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The Staging of DEEWAR in India 2018

The Staging of DEEWAR in India 2018

by Aparajita Krishna November 14 2018, 11:48 am Estimated Reading Time: 7 mins, 3 secs

Prithvi Theatre opened to the public on a day in 1978, forty years ago. It is today an address that apart from being a cultural landmark is often referred to by the local taxi-driver, auto-rickshaw driver, tourist guide, Mumbai citizenry while navigating the metropolis. The venue has built cultural bridges, platforms and broken many walls of alienation and distance. The enduring legacy of Prithviraj Kapoor’s Prithvi Theatres held its Celebrating 40 Years of Prithvi Theatre with its theatre festival from 3-12 November 2018.  

Prithvi Festival/The Preserved Note

Not fortuitously, but most intently, theater group Arpana & Prithvi Theatres’ chose to adapt and re-visit the iconic play ‘DEEWAR’ under the expertly chiseled direction of Sunil Shanbag (Sangeet Natak Akademi Awardee) with writing credit to Abhinav Grover & Nikhita Singh. ‘The Play That Took India By Storm In 1945’ was written by Prithviraj Kapoor and Inder Raj Anand. A souvenir note as a preserved memorabilia reads ‘ON STAGE PRITHVIRAJ IN DEEWAR’. Future would record it as ‘Predicted Partition—explored the effect of the ‘foreign hand’ in dividing a close-knit family’. Now in the 112th  year since Prithviraj Kapoor’s birth and several decades later from it’s first show the play was re-connected to a new India. Would it be able to break the wall that the passage of time may have built? Would it be a difficult subject to make topical to the new age audience?

This new production’s premier performance was held on November 3, 2018 at the historic Royal Opera House at Charni Road. It was once the local home-space of Prithvi Theatres and its touring company. Rishi Kapoor in his autobiography talks of his acting debut as a five-year-old lying in the lap of his stage-mother during a scene in ‘Deewar’.  In the present the inaugural show in 2018 was followed by shows at Prithvi Theatre in Juhu. I was in the houseful audience at Prithvi Theater on 10.11.2018 for the 6 p.m. show.  The 57 year old me marked that this particular show majorly comprised of an audience profile that was elderly, not just adult. There were men and women, couples, who appeared to be even in their eighties. The connect of the play with its historical past must have defined the audience profile.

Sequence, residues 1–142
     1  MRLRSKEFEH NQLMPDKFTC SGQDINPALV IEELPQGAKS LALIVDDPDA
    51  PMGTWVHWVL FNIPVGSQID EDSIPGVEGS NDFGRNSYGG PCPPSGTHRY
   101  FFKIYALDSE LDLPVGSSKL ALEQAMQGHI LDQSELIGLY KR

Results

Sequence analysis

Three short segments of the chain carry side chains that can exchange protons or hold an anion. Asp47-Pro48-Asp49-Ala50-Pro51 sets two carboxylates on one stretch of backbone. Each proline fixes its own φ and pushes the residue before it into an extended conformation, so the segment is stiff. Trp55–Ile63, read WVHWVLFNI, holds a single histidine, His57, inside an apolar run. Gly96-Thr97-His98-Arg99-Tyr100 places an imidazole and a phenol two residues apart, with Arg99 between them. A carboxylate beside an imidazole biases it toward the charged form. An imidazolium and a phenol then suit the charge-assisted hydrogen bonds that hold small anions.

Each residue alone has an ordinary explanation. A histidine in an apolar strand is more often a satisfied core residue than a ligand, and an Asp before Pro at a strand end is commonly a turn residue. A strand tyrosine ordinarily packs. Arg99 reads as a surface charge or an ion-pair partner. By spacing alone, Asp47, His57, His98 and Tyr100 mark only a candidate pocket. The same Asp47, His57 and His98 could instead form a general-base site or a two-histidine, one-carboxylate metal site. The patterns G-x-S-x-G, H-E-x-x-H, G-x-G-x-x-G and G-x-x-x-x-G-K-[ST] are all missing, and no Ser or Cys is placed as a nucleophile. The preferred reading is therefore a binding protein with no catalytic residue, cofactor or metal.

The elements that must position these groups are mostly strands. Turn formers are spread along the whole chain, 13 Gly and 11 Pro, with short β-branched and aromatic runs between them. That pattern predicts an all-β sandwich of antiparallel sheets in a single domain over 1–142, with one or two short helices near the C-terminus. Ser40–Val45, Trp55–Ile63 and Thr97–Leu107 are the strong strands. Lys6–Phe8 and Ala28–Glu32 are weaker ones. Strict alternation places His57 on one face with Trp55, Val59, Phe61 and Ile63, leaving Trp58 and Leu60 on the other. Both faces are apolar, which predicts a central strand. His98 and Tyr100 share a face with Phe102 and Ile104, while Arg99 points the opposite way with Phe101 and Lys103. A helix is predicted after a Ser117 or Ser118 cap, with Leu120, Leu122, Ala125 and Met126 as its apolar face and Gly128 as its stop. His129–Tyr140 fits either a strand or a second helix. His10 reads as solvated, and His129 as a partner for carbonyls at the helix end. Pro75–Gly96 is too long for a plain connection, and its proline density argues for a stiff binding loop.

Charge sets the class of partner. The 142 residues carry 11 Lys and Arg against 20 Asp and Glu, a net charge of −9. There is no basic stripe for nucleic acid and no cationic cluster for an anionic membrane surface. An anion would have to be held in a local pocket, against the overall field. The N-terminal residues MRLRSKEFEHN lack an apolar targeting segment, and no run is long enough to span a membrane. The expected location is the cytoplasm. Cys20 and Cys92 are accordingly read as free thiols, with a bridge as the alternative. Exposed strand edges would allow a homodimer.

The new ‘Deewar’ is set in the same original time frame of pre-independent/pre-partitioned India in the historical year of 1945. It was an India caught in tumultuous unrest of birth-pangs. But……. “It was important for us not to present the play as a museum piece, but as something that resonates with our times. I am glad some of that has worked. Yes, we are getting older audiences for the play, and that is very exciting for me,” director Sunil Shanbag would later inform me.

At the start of the play two contemporary characters (a boy and a girl) come on stage to debate the relevance of ‘Deewar’ in India 2018. Is the play relevant in the now? They look for their grandmother/parents in the audience. They also talk in English. The reviews from the archives are read out. Fade out. Fade in.